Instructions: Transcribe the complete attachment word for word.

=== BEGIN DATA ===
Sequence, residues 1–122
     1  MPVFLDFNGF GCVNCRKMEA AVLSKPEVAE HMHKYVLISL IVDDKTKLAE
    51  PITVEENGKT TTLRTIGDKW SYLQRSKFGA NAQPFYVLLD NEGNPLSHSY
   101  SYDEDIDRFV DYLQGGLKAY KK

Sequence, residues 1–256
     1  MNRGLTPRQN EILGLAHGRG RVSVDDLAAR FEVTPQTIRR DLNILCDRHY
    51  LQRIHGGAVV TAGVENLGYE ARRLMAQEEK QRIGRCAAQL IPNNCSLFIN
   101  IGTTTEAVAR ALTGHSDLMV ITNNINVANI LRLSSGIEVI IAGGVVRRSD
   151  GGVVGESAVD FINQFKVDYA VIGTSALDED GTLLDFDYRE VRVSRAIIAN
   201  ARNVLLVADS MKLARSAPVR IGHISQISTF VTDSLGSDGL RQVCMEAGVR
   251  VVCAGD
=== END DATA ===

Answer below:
Sequence, residues 1–122
     1  MPVFLDFNGF GCVNCRKMEA AVLSKPEVAE HMHKYVLISL IVDDKTKLAE
    51  PITVEENGKT TTLRTIGDKW SYLQRSKFGA NAQPFYVLLD NEGNPLSHSY
   101  SYDEDIDRFV DYLQGGLKAY KK

Sequence, residues 1–256
     1  MNRGLTPRQN EILGLAHGRG RVSVDDLAAR FEVTPQTIRR DLNILCDRHY
    51  LQRIHGGAVV TAGVENLGYE ARRLMAQEEK QRIGRCAAQL IPNNCSLFIN
   101  IGTTTEAVAR ALTGHSDLMV ITNNINVANI LRLSSGIEVI IAGGVVRRSD
   151  GGVVGESAVD FINQFKVDYA VIGTSALDED GTLLDFDYRE VRVSRAIIAN
   201  ARNVLLVADS MKLARSAPVR IGHISQISTF VTDSLGSDGL RQVCMEAGVR
   251  VVCAGD